The importance of a good role model cannot be understated. One of the most effective ways to inspire more girls to go into science is to show them people who look like them in positions of leadership in the classroom, the lab, and in the office. This International Day of Women and Girls in Science, we’re celebrating the scientists that inspire the women of the Wisconsin Energy Institute and the Great Lakes Bioenergy Research Center.
Keep the conversation going!
Send an email to firstname.lastname@example.org to add to this list and let us know who inspires you.
Assistant Professor of Soil Science at University of Wisconsin–Madison
"A woman I look up to in STEM is Dr. Erika Marín-Spiotta, who is a professor in Geography here at UW-Madison. Dr. Marín-Spiotta studies how some of the critical environmental issues of our time - changes in land use and climate - affect fundamental processes like biogeochemical cycling and ecological interactions. Dr. Marín-Spiotta also inspires me through her work in diversity, equity, and inclusion in the geosciences, such as her leadership in the Earth Science Women’s Network and her NSF-funded work on developing bystander intervention and ethics training. She champions her students and colleagues and is a supportive and inspiring mentor."
WEI Outreach and Events Coordinator
"I’m inspired by Alie Ward, a science communicator and podcaster. Alie oozes excitement about meeting and learning from the scientists she interviews on her show, Ologies. From her I’ve learned random facts about sharks getting suntans (Selachimorphology episode) and what the “cutest” piece of space junk is (Space Archaeology episode). But, more importantly, I’ve learned how to ask good questions and how to uncover, share, and make all sorts of delightful (and crucial) science relatable. Alie makes clear that science is for everybody and that curiosity is contagious – two foundations of my outreach efforts."
Assistant Professor of Public Affairs at University of Wisconsin–Madison
"Ayana Elizabeth Johnson, a marine biologist and activist working at the intersection of science, policy, and community-building. She is a perfect example of the transformational role scientists can play in the climate crisis. She shows, in her writing and by example, how anti-racism and feminism are key to sound climate science and effective climate solutions. (See her article, “I’m a black climate expert. Racism derails our efforts to save the planet.") I highly recommend her co-edited anthology All We Can Save: Truth, Courage, and Solutions for the Climate Crisis, which brings together essays and poems from a diverse group of women leading in the climate movement."
Postdoctoral Research Associate at Great Lakes Bioenergy Research Center
"The person that I admire within STEM is Catherine Kling, a Tisch university professor in the Dyson School of Applied Economics and Management and Faculty Director at the Atkinson Center for a Sustainable Future at Cornell University. I had the pleasure of meeting her when I was a graduate student at Iowa State University, and interacted with her on several occasions.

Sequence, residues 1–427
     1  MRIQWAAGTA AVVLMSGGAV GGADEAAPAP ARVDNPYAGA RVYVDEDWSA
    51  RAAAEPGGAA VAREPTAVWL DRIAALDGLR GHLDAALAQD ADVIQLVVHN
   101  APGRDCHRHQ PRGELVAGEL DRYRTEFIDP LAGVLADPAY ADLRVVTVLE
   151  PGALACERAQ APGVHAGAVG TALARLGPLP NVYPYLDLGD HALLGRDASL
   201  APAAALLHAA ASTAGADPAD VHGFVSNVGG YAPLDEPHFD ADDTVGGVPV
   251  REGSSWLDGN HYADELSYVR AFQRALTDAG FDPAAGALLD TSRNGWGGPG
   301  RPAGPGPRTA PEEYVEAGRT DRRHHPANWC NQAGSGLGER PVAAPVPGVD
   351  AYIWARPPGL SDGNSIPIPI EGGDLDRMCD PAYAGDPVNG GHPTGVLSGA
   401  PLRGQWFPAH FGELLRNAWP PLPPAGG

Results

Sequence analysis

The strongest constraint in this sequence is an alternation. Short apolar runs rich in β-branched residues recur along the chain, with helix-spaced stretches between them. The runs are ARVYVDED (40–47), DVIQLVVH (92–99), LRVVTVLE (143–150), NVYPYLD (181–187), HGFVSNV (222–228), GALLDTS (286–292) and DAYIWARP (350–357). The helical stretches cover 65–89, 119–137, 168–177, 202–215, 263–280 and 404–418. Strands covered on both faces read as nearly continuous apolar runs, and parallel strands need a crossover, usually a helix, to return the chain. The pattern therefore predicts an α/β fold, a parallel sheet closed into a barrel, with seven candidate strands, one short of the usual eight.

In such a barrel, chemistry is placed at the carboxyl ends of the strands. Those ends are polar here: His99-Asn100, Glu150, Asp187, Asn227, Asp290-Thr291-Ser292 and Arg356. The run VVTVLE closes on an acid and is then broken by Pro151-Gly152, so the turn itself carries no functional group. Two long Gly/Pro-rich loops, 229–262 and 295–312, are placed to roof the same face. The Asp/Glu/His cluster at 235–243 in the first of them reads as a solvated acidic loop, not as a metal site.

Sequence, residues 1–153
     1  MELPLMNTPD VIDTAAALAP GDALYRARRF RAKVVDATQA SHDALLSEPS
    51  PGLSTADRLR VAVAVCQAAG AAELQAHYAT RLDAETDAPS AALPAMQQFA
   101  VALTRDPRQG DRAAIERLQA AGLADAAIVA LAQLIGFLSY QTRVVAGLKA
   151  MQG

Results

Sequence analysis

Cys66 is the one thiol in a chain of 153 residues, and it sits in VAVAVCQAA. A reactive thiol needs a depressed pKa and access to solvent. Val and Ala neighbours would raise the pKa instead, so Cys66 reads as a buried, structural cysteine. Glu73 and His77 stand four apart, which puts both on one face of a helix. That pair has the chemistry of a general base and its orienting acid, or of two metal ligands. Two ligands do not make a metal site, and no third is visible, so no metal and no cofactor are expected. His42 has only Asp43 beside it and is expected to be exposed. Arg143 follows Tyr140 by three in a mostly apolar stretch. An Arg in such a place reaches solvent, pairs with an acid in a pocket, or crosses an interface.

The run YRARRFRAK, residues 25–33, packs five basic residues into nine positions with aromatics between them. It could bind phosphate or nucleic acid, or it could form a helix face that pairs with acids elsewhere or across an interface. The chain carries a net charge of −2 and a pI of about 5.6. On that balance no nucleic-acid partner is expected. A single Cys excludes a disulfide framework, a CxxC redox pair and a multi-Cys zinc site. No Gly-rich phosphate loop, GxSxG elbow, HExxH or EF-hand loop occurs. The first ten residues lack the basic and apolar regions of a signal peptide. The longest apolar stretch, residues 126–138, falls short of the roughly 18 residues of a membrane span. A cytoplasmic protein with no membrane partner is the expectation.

She is an incredible scientist and hardworking person who at the same time holds a very humble, honest heart and soul. A scientist highly committed to protecting the environment (e.g., water quality), reflected in all her outstanding and influential work on Environmental Economics and Policy (e.g., implementation of conservation policies in the Midwest). Cathy pulls together multidisciplinary teams to respond to complex environmental problems and proposed solutions to be translated into policy. An awesome scientist, headstrong woman that cares a lot about the future of our world.
Science needs more profiles like Cathy’s, highly committed and proactively working toward the protection of our environment, while at the same time to be great leaders and team-members of multidisciplinary projects."
Assistant Professor of Engineering Physics at University of Wisconsin–Madison
"The women I look up to in STEM are my aunt, Dr. Cindi Burnell, and one of my PhD dissertation advisors, Dr. Cynthia Phillips (PhD Physics from UW-Madison). I have so many great memories of my Aunt Cindi bringing along science experiments when she babysat me and my very first time seeing a real lab was when she took me to graduate school with her. My curiosity and love of science brought me to Princeton University and the male dominated field of fusion energy and plasma science. Part of the reason I'm doing the research I do now is because of Dr. Phillips - she was a brilliant scientist, lecturer and mentor and it was with her guidance that I found a passion in wave physics and saw first-hand that women can succeed in our field."
Professor & Chair of Life Sciences Communication at University of Wisconsin–Madison
"I actually have learnt to value myself. I think it is important for all of us women in STEM to realize our self worth and combat the impostor syndrome. We need to be proud of our own accomplishments."
Research Coordinator at Great Lakes Bioenergy Research Center
"I stumbled upon Dr. Ayana Elizabeth Johnson’s Instagram this summer and she has been a great inspiration ever since! Dr. Johnson is an optimistic climate change activist who hosts an uplifting podcast about solutions to climate change. I usually feel very pessimistic about the changing climate and her voice really gives me hope and inspires me to take action."
Undergraduate Research Assistant at Michigan Tech University
"Growing up, I always looked up to Marie Curie. Not only was she the first woman to receive a nobel prize, but she received two of them in different fields. She made amazing strides in chemistry and encouraged her daughter to follow her. She was an extraordinary woman and someone I've always had a lot of respect for."